|Publication number||US6701234 B1|
|Application number||US 09/978,538|
|Publication date||Mar 2, 2004|
|Filing date||Oct 18, 2001|
|Priority date||Oct 18, 2001|
|Also published as||US20040143378, WO2003034089A2, WO2003034089A3|
|Publication number||09978538, 978538, US 6701234 B1, US 6701234B1, US-B1-6701234, US6701234 B1, US6701234B1|
|Inventors||Andrew John Vogelsang|
|Original Assignee||Andrew John Vogelsang|
|Export Citation||BiBTeX, EndNote, RefMan|
|Patent Citations (34), Referenced by (83), Classifications (12), Legal Events (5)|
|External Links: USPTO, USPTO Assignment, Espacenet|
1. Field of Invention
The invention relates to the field of automated electronic monitoring of a vehicle's movement. Specifically, the invention involves an improved system and method for monitoring the speed, location and acceleration of an automobile or other motor vehicle in order to both determine the driving habits of inexperienced drivers and to reward good driving habits.
2. Description of the Prior Art
The present invention was developed primarily in response to the high incidence of speed-related accidents involving teenagers and young adults and the need to monitor their driving habits. Crash rates are high for young drivers due primarily to the driver's immaturity and lack of driving experience. According to government statistics, teenagers account for 10-percent of the U.S. population (1999) but 14-percent of motor vehicle deaths. The risk of death from vehicle accidents is highest for 16-17 year olds. Statistically, a majority of deaths occur during the weekend, Friday through Sunday, and mostly during evening hours.
Various approaches have been implemented to reduce teen driving accidents, including stiffer or graduated licensing procedures, driver education requirements and stepped-up law enforcement activities. Despite these efforts, driving accidents remain a major cause of teenage injuries. Parental involvement is arguably one of the most effective deterrents; unfortunately, parents and guardians cannot accompany driving-age children every time they drive a car to keep them from driving aggressively.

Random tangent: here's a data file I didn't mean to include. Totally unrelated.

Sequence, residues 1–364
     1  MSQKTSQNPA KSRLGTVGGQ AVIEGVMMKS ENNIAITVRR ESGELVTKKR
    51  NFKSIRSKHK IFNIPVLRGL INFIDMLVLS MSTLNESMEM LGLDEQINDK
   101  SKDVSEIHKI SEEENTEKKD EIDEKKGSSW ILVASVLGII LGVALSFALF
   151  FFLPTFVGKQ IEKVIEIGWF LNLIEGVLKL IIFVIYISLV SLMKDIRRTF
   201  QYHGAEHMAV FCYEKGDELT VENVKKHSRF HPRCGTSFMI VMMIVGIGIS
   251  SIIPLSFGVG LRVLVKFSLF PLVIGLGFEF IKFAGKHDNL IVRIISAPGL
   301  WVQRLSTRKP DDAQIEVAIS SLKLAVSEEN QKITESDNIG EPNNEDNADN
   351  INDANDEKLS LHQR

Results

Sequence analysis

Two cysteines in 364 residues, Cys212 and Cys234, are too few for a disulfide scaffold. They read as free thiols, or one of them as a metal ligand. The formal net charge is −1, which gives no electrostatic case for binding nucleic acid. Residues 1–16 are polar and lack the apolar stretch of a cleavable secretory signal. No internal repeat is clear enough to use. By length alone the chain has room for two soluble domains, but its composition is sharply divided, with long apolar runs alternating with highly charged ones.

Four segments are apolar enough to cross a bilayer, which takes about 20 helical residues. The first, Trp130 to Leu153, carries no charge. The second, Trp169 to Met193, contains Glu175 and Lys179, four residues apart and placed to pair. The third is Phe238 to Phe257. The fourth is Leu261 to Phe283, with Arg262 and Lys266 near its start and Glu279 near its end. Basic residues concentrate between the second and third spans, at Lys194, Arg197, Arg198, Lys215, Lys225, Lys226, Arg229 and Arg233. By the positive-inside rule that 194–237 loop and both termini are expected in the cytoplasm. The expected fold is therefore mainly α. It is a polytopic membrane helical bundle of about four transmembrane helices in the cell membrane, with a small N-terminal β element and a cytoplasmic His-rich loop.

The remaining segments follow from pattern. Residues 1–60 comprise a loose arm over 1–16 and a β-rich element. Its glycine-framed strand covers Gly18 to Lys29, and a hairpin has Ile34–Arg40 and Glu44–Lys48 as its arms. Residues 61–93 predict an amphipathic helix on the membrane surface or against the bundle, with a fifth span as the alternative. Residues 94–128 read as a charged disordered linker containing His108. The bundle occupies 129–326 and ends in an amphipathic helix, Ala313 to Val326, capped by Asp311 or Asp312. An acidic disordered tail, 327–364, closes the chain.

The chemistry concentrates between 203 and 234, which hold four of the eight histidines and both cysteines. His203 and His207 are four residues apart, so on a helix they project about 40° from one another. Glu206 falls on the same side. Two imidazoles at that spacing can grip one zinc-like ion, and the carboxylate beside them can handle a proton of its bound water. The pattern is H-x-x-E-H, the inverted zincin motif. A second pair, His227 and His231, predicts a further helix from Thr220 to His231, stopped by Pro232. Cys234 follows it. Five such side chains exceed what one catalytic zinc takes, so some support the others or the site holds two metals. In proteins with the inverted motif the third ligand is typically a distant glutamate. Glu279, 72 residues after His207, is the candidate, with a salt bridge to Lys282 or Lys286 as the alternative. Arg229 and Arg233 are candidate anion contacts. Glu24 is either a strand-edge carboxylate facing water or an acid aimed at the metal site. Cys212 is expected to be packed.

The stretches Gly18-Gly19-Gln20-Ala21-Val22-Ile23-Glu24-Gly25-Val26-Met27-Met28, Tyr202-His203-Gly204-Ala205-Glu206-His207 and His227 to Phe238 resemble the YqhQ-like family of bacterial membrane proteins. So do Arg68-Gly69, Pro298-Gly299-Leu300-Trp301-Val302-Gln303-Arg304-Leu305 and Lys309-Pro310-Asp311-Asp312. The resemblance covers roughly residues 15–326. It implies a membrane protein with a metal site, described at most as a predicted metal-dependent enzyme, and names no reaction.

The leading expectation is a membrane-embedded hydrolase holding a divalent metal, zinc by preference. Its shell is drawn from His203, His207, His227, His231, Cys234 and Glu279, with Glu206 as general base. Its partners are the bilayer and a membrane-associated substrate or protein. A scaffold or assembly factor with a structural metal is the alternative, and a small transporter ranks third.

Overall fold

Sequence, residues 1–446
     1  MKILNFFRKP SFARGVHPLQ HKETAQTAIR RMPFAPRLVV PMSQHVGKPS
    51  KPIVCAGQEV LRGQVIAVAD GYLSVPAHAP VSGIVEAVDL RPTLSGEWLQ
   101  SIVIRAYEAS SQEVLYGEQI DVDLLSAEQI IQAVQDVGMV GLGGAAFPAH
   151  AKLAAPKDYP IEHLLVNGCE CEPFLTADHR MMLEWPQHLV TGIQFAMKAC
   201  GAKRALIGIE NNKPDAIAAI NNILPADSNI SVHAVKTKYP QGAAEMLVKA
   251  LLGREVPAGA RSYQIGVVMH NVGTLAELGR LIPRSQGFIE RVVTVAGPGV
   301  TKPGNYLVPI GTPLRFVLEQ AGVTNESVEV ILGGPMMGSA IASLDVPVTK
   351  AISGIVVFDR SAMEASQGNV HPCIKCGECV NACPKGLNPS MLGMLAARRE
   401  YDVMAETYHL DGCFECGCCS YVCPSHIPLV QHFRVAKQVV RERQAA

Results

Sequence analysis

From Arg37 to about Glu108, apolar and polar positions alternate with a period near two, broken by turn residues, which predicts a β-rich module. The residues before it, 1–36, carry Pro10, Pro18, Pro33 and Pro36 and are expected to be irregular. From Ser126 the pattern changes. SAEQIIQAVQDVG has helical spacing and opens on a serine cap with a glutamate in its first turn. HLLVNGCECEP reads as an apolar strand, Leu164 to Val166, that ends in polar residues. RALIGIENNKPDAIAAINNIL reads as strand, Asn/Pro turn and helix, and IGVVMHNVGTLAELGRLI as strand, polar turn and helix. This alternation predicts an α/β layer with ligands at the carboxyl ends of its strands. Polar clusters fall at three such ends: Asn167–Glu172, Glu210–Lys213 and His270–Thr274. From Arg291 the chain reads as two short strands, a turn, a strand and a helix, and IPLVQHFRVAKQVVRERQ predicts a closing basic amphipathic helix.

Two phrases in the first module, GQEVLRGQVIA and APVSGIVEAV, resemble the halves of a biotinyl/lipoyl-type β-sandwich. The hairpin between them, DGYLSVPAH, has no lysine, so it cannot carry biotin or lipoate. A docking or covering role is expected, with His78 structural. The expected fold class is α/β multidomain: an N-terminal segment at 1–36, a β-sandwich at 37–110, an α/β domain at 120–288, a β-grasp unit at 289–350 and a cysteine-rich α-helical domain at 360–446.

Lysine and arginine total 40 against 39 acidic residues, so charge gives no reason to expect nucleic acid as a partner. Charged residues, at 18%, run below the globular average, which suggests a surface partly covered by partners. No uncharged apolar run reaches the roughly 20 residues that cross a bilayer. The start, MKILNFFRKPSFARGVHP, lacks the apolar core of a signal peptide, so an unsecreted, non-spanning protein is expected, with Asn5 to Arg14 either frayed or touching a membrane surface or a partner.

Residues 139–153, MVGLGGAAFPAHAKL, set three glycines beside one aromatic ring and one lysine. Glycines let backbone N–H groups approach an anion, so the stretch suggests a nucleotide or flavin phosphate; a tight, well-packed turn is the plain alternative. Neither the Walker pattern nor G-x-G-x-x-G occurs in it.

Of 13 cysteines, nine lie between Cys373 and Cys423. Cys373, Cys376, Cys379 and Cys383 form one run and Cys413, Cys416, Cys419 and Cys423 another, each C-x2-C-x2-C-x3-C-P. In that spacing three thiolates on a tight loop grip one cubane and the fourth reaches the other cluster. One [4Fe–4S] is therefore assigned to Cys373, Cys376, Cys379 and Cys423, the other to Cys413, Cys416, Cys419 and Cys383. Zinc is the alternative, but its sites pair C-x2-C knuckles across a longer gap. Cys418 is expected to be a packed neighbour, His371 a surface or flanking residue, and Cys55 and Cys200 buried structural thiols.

As noted in the prior art described below, vehicle monitors have been used to assess the performance of a motor vehicle and the driving habits of a vehicle's driver. Many of these systems include parametric sensors for measuring the velocity, position, acceleration, braking pressure, fuel level and other vehicle parameters; a microprocessor and data storage devices for recording data; a communications or display system for transmitting or displaying the data to the driver or to a third party; and a mechanism for attaching the system to the vehicle.
U.S. Pat. No. 5,510,793, for example, discloses a vehicle speed measuring device that uses reflected optical, ultrasonic or microwave energy and appropriate emitter and receiver technology for instantaneous speed determinations for comparison with police radar measurements. U.S. Pat. Nos. 5,570,087 and 5,805,079 disclose systems for monitoring vehicle speed, direction and location, along with instantaneous horizontal acceleration using global positioning system (GPS) circuitry and transducer technology common in the art. Still other patents, such as U.S. Pat. Nos. 5,758,299 and 5,857,159, disclose systems and methods for detecting, among other things, engine or drive shaft rotation speed, transmission shifts, throttle position, oil pressure and intake air manifold temperature by tapping into electronic signals already collected by the vehicle's on-board computer or using transducers connected to various mechanical systems on the vehicle and engine.
In addition, U.S. Pat. No. 5,892,434 discloses using mercury-filled glass tubes as inertia sensors for monitoring acceleration. European patent EP 0,542,421 A2, discloses using engine rotation speed to predict acceleration. Finally, U.S. Pat. No. 5,499,182 discloses using a vehicle's wheel and drive shaft rotation to estimate the vehicle's ground speed.
Most of the above disclosed inventions also record time associated the measurements. In some cases, parameters are not directly measured but are calculated from other measurements, as in U.S. Pat. No. 5,862,500, where average speed is calculated using distance and time data that are directly measured.